To recap, here is one plan for using an off-the-shelf cloud storage solution such as MSFT SkyDrive or Google Drive for private data storage, while minimizing any access to personal information by the service provider:
- Create a virtual hard disk (VHD) image
- Move the VHD disk image into a directory synced to the cloud backup solution
- Mount the disk as local drive and format it using NTFS
- Enable BitLocker-To-Go full disk encryption on the disk, preferably using smart cards to avoid exposing user-chosen passphrases hashes to the cloud
- Copy/move any files desired for backup into the mounted virtual drive. The contents will be stored encrypted on the virtual disk, which is itself backed by a single massive VHD file.
The cloud provider only receives a single massive VHD file for backup. If they were curious, they could infer that the file is a virtual hard disk, that it is protected by BitLocker and even the protection options such as passphrase verses smart card. But without access to the decryption keys, they would not have visibility into the internal filesystem embedded in the virtual drive. Depending on implementation, they could infer how much of the disk is in use. They can also observe how much data changed between different snapshots of the VHD, which can indirectly hint at filesystem structure. For example if the user is constantly editing one particular file, the sectors on the virtual disk corresponding to that file would change while other areas of the disk remain identical. While the service provider can not determine the contents of those sectors, they can conclude those particular sectors were modified.
Accessing the data from another computer is easier than the original setup. Assuming the VHD file has been replicated to a local directory compliments of the sync client from the cloud provider, there are two additional steps:
- Mount the VHD as local drive
- Unlock the BL2G volume by providing necessary credentials for decryption
Because Windows 7 does not natively recognize VHD extension, the first step requires either a visit to the Disk Management console (under Computer Management) or scripting the diskpart utility.
Windows 8 provides a more seamless experience. Not only does it allow mounting VHD with simple double-click but also recognizes BL2G encryption. A desktop notification walks the user through the steps of unlocking the drive:
What is the catch? There are two significant limitations that relegate this experiment to the realm of proof-of-concept:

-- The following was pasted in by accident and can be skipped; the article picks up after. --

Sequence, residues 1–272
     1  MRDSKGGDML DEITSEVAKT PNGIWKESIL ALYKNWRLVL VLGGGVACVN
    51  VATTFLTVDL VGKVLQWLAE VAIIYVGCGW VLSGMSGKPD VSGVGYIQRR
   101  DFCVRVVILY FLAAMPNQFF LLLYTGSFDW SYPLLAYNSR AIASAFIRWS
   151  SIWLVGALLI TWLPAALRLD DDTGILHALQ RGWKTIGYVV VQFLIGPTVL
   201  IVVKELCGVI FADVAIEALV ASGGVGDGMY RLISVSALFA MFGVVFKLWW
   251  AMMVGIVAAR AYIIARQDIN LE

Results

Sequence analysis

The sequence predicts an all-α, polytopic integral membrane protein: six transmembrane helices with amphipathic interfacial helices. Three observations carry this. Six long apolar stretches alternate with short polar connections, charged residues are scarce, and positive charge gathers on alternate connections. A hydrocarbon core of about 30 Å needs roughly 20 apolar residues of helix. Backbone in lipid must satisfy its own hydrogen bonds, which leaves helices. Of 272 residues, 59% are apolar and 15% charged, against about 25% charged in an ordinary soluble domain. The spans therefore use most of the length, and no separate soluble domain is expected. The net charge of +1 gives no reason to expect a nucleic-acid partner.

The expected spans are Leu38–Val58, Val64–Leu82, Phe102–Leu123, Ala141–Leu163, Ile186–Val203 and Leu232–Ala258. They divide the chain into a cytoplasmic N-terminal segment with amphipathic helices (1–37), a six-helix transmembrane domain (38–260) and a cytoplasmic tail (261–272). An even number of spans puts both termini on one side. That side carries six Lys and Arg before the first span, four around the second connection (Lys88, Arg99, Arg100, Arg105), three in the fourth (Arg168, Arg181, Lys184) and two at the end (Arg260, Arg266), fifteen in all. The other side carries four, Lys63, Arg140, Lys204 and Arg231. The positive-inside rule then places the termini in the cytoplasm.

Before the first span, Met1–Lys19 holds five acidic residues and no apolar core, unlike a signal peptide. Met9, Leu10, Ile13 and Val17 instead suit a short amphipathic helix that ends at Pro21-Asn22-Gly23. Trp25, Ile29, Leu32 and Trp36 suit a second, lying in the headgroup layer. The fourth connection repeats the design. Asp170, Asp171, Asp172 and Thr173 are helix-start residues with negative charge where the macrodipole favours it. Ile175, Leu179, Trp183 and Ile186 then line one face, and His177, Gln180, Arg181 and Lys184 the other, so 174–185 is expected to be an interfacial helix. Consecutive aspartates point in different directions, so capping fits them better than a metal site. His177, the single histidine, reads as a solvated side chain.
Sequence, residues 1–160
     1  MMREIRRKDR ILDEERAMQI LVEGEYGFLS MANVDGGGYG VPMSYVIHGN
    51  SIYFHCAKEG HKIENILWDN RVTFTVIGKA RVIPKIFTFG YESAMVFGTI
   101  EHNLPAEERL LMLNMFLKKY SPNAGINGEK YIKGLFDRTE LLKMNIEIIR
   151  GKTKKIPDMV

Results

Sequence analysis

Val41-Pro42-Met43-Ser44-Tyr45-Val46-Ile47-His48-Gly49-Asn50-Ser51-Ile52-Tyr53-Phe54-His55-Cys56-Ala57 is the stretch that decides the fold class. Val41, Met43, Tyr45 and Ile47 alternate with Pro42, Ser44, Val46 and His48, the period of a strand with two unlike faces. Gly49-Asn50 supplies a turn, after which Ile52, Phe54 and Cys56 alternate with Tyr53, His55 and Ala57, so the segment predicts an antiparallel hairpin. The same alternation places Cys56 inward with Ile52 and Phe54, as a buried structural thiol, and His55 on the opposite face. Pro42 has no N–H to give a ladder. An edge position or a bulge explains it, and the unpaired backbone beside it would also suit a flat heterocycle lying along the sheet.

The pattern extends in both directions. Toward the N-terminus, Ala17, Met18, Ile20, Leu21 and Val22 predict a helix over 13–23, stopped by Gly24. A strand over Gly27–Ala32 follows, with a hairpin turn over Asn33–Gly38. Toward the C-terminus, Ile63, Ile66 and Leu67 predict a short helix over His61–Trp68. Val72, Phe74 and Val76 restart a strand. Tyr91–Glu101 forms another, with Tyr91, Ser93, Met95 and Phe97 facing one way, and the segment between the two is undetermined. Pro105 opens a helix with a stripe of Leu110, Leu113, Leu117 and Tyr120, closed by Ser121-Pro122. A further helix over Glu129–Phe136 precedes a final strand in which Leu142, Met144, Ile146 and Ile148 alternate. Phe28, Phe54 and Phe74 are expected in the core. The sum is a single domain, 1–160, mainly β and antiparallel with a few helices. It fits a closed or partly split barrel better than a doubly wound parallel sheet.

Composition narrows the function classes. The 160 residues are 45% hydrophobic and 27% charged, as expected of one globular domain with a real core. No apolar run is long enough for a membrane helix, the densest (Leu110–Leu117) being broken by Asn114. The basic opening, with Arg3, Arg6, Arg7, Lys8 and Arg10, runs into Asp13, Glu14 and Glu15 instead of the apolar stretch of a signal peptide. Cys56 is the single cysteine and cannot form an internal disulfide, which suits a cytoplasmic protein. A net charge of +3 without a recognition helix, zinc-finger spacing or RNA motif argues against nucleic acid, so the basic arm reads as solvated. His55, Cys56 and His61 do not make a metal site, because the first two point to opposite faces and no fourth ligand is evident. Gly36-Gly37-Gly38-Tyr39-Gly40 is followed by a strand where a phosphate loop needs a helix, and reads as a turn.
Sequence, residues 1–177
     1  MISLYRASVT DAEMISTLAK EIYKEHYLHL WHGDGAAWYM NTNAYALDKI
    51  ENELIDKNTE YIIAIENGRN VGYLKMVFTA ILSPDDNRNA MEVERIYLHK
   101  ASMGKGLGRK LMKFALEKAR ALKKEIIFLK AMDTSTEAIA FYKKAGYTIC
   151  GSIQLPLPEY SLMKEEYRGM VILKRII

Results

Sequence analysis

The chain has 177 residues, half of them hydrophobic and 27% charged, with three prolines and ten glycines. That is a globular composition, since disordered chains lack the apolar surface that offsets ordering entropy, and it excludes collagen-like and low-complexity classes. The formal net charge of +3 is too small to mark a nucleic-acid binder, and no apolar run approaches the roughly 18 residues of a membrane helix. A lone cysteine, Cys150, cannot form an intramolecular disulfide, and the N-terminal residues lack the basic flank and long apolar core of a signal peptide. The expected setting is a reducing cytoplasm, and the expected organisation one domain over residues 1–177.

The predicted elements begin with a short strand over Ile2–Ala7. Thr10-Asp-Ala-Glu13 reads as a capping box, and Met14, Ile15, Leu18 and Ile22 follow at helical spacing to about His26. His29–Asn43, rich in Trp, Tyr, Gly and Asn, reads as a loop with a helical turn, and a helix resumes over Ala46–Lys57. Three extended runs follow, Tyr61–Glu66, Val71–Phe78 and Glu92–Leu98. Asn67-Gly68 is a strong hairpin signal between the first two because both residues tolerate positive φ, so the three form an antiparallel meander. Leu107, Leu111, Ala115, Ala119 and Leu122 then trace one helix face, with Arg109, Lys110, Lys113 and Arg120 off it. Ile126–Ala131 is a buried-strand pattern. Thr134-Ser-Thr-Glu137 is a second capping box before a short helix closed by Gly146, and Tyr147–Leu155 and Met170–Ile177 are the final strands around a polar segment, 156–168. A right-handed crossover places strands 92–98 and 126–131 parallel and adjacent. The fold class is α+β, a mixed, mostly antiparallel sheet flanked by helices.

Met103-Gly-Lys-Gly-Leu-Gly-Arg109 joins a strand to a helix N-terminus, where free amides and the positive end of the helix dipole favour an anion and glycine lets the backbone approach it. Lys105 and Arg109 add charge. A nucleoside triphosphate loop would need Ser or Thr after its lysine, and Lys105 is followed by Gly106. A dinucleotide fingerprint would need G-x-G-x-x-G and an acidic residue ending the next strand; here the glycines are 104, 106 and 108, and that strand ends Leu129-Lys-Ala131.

- Mounted VHD disk images are locked for exclusive access by the OS. Backup to the cloud can not proceed in the background while the user is still accessing content from that virtual disk. Instead it must be unmounted (using “Eject” from UI, scripting with diskpart or programmatically) to allow synchronization agents to gain read access again.
- Many cloud storage systems do not support differential backup. The entire VHD image is uploaded to the cloud each time, even when a small percent of the file has changed. This is very likely, since filesystems try to keep different parts of a file clustered together. If the user changes one file on the virtual disk, it will touch sectors associated with that file, along with sectors containing filesystem metadata. But the majority of that disk image is not altered. Yet the inefficiency of uploading the entire file each time means that total size of VHD is constrained by upstream bandwidth.
The second problem is aggravated by the first one, since VHD must be offline and inaccessible until the backup completes. Worse the blackbox nature of the synchronization process makes it difficult to infer when it has completed. That makes automation tricky. In principle we could schedule a periodic task to run when the computer is not in use: detach the virtual disk, wait for cloud backup to complete and reattach it. Even if this could be tolerated– any application that had open files on that volume may behave unpredictable– the problem remains that it is not possible to determine when backup is finished, short of low-level hacks such as monitoring the open file handles in the sync client process for references to the VHD.
In a follow-up post, we will look at an alternative approach that allows for incremental backup, with security still provided by BL2G full-disk encryption.